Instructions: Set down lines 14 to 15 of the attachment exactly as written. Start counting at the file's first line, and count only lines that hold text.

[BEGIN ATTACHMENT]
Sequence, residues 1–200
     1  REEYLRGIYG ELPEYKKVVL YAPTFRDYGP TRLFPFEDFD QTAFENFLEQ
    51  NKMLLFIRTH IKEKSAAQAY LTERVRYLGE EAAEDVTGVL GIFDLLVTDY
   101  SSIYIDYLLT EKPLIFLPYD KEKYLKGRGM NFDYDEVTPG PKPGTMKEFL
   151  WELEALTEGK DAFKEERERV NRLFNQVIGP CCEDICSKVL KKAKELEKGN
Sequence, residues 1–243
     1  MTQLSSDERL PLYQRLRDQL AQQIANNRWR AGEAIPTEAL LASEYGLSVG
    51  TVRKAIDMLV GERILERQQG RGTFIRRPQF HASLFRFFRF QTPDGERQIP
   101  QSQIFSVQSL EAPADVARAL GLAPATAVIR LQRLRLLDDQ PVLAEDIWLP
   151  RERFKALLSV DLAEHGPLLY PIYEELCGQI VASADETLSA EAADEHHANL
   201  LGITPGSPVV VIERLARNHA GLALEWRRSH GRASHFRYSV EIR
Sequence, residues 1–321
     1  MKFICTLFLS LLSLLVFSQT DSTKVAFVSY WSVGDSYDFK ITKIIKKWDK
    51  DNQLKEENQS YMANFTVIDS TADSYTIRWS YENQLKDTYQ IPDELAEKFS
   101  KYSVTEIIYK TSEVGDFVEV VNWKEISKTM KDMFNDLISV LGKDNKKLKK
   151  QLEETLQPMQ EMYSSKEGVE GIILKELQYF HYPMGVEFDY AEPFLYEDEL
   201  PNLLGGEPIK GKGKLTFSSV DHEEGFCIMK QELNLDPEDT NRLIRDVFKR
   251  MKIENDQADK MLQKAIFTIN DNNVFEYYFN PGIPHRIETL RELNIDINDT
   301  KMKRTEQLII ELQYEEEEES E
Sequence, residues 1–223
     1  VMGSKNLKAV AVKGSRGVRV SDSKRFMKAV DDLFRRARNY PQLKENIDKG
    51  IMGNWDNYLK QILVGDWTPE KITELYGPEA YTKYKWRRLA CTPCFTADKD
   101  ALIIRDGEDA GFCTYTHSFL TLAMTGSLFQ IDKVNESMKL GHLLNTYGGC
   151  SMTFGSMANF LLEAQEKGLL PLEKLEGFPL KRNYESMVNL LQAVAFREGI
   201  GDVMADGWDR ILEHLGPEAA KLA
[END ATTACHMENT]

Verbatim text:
    51  DNQLKEENQS YMANFTVIDS TADSYTIRWS YENQLKDTYQ IPDELAEKFS
   101  KYSVTEIIYK TSEVGDFVEV VNWKEISKTM KDMFNDLISV LGKDNKKLKK